THE POTATO BLIGHT

Phytophthora infestans, the fungus that invades the potato plant and causes its rapid decay, struck for the first time in the eastern United States in the summer of 1843. The invisible fungus spores were transported to Belgium in a cargo of apparently healthy potatoes, and in the summer of 1845 the fungus revived and reproduced, devastating the potato crop in Flanders, Normandy, Holland and southern England. By August of 1845 the blight was recorded at the Dublin Botanical Gardens, and a week later, a total failure of the crop was reported in County Fermanagh. By October, there was panic in the west of Ireland as the blight destroyed healthy potatoes harvested in August.

In 1845, the blight had been localized and variegated, but from early reports in 1846 it was obvious that blight had affected the potato crop throughout Ireland. While it had been difficult to obtain an accurate estimate of the damage caused by the blight in 1845, as its appearance was spread over a number of months, in 1846 the destruction of the potato crop was as rapid as it was comprehensive. The nutritious potato had been the mainstay of the agricultural laborers and cottier class and dominated the diets of at least two-thirds of the population. No other country in Europe depended on the potato as extensively as Ireland.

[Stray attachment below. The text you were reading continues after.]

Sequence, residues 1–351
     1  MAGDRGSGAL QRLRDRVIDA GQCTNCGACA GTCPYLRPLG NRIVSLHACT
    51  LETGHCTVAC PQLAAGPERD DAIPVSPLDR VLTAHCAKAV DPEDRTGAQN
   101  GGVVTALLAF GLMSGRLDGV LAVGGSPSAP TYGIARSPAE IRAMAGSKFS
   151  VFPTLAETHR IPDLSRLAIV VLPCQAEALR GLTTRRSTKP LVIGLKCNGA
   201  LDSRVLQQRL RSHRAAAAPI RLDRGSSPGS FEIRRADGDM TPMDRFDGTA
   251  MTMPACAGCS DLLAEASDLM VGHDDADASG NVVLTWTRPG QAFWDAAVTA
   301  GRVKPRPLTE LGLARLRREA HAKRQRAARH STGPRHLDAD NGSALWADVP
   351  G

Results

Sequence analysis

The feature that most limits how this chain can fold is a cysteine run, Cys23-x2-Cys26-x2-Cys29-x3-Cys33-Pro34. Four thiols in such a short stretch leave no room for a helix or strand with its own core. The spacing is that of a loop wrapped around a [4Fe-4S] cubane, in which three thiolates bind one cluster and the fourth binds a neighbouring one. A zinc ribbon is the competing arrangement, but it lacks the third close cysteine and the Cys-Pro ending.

When the blight hit the first year it was a disaster for those who depended on the potato. When the blight returned in the following years it meant death for many of those who were already living precariously at subsistence level, and emigration for those who had the resources to flee disease, death and poverty.